US interest rate hike: what does that mean for investors?
The Fed has raised interest rates by 75 basis points (+0.75%), lifting target interest rate to 3.00%-3.25% range. Six months ago, when it was 0.00% to 0.25%, banks could borrow money almost free from the central, that is no longer the case.
This is the fifth rate hike in six months. The reason the Federal Reserve does that is simple: to control inflation. Prices are skyrocketing and life is getting more and more expensive. This spiral must be broken.
At the beginning of this year, the US central bank still thought inflation was temporary. But the price increases are clearly much more persistent. The war in Ukraine has exacerbated the situation. Gas, oil and agricultural commodities have also become scarcer and more expensive as a result.
Interest rate hikes make borrowing more expensive. We are then less inclined to borrow money for investment and consumption. Also demand from businesses therefore decreases, which can cause prices to fall. Inflation should not exceed 2%. However, it is currently about 10% in Europe and almost 9% in the United States. So there is still a long way to go and we can expect a series of rate hikes, both in the US and in Europe.
What exactly does this mean for savers and investors? American savers will finally be reimbursed for the money in their savings account. Maybe they are happy. But there is no reason for exuberance. If you get roughly 3% interest on your savings while inflation is 8%, then the real value of your savings is still declining!
In Europe, savers still receive only 0.1% interest on their savings. In a few months, that may become a bit more. But European savers will also continue to lose purchasing power this year and next. Because the central banks assume that inflation will only be brought back below 2% by 2025.
With government loans and government bonds you can get a higher interest than on a savings account. But then you have to lock up your money for roughly 8 to 10 years. As long as interest rates continue to rise, we don't advise you to do that just yet.
The trick is to lend your money for such a long period of time when the interest rate reaches its peak. Then you will also receive that high interest for the next 8 to 10 years. It is impossible to determine that ideal moment in advance. Given that interest rates are still rising, we may not have reached that ideal moment yet. 2023 may be the ideal year for such a long-term investment in government bonds.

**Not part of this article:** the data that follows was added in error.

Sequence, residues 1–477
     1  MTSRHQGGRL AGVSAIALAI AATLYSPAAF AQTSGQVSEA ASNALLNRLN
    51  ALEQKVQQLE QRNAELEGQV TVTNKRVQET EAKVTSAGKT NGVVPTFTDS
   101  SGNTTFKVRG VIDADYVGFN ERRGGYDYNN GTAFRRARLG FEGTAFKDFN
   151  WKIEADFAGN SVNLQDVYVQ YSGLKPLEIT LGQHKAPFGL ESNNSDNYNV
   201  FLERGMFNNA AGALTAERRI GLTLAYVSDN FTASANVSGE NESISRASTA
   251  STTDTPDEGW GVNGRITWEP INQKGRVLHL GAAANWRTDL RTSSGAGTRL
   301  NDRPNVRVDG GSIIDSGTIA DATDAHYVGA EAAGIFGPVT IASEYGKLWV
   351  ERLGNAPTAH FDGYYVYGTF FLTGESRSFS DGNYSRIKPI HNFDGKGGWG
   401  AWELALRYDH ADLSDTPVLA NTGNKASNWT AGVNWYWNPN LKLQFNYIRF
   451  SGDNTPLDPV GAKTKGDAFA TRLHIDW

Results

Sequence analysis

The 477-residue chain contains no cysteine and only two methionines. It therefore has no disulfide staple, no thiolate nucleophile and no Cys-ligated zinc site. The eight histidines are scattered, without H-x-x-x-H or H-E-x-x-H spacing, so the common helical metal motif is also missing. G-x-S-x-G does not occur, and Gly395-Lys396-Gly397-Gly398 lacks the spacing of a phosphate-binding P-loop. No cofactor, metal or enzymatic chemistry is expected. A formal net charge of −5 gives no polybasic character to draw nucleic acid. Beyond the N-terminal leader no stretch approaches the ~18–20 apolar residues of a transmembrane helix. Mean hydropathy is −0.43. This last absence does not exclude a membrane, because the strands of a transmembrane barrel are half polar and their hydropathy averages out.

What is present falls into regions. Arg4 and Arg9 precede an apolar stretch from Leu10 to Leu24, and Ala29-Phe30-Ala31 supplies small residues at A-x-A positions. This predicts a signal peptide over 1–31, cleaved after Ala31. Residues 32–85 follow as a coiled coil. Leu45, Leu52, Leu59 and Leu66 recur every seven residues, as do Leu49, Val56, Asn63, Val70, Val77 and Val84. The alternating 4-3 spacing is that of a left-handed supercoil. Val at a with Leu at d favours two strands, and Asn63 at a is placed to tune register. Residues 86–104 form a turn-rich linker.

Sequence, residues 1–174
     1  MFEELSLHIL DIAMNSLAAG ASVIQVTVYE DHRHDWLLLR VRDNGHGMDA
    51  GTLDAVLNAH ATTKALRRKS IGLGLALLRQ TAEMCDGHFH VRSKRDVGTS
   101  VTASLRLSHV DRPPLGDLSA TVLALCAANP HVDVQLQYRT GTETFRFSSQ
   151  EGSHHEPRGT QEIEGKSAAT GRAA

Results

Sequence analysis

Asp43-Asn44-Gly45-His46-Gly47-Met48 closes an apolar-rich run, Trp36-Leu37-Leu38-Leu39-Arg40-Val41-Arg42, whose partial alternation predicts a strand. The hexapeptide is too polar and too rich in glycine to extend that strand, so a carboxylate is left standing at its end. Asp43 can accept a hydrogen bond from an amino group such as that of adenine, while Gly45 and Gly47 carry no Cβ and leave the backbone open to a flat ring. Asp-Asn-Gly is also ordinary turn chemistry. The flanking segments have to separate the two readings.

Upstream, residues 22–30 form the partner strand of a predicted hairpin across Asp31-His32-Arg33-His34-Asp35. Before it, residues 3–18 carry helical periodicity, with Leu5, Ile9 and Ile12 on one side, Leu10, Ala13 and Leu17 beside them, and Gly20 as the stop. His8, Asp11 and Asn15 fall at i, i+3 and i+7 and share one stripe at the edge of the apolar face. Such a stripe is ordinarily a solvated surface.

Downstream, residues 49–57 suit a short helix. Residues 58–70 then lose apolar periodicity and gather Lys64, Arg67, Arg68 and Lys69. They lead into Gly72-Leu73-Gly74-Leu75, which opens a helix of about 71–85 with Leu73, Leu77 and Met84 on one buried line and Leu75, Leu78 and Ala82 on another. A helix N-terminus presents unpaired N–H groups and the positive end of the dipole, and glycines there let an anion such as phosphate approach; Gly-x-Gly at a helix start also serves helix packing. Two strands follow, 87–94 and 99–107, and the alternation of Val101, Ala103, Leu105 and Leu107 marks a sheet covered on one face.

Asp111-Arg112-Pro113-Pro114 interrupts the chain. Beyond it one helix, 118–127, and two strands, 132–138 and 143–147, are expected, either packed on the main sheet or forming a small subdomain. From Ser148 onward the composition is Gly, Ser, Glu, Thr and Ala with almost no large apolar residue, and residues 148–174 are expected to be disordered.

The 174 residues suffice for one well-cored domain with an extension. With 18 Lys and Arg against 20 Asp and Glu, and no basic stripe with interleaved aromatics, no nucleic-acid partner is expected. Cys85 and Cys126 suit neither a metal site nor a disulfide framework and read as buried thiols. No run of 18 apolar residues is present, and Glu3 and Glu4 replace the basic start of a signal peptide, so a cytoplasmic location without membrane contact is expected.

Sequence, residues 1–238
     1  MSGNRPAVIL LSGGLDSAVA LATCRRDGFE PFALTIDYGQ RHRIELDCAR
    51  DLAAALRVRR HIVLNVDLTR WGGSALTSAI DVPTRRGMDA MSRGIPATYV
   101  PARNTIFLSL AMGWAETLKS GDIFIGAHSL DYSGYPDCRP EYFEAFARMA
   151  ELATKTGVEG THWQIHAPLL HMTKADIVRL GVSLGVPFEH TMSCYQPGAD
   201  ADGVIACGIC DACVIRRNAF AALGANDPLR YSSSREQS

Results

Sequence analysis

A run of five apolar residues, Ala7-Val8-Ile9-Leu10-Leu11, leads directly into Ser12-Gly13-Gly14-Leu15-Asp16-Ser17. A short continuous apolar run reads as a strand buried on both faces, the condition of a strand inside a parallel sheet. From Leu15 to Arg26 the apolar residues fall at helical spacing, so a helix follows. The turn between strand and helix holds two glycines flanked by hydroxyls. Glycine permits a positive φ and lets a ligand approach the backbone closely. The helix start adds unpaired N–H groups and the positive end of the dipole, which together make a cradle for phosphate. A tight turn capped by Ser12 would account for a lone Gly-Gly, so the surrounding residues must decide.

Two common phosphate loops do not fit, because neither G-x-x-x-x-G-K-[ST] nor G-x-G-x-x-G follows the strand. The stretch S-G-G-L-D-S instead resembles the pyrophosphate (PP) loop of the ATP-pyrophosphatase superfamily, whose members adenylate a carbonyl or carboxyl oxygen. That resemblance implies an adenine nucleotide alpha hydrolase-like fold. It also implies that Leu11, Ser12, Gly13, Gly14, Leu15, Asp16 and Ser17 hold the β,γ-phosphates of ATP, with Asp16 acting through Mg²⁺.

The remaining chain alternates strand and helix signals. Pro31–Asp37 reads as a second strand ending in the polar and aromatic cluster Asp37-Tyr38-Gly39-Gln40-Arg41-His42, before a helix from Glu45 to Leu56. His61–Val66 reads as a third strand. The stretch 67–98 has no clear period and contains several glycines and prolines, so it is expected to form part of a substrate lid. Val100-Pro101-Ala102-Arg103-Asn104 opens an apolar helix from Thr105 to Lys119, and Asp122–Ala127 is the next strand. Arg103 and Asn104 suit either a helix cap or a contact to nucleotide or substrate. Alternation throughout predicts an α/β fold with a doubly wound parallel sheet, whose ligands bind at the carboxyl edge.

A rising interest rate is poison for stocks and the stock market. If borrowing becomes more expensive, companies make less profit and the economy can even enter a recession. So you should not expect a general stock market recovery at the moment.
Some companies will continue to do well. You can expect continued good results from companies active in the energy sector. Food companies with strong brands can also maintain their profits. We always have to eat and drink and we are attached to the brands with which we are familiar.
To respond to a general stock market recovery, you must continue to monitor what happens to interest rates. As soon as interest rates fall, the stock market can get off to a flying start and rise again for years. Since investors always look ahead, the stock market will even start to rise at the first signs that an interest rate cut is possible.
The dollar is the big winner of the US interest rate hikes. Since the interest in euros is much lower than in dollars, money is transferred worldwide to the American currency. The dollar has already risen about 20% against the other major currencies in the world this year. A further appreciation of the dollar is possible. But we wouldn't expect too much from that. The dollar is at its highest level in 20 years. There doesn't seem to be much additional upside potential.
Gold is widely regarded as a protection against inflation. That is only partially true. American investors who get 3% interest again on a savings account are less likely to buy gold, which yields 0% interest.
In this year of rising inflation, gold has already fallen in price by more than 8%, in dollars per ounce. As a European you do book more than 5% profit on gold. In euros, that is. Gold is therefore much more suitable as a hedge against a fall in the euro than against inflation. As a hedge against inflation, gold is only interesting if the central bank lets things run their course, as was the case in the 1970s.
Higher interest rates also put a brake on the real estate market. If borrowing becomes more expensive, there are fewer people who are still willing or able to borrow to buy real estate. If there are fewer potential buyers, prices will rise less quickly or even stop at all.
According to the believers, cryptos form a separate category, separate from other investments. That theory is currently being tested. If there is less cheap money in circulation, will cryptos maintain their price level? This year, almost all cryptos have already fallen sharply.
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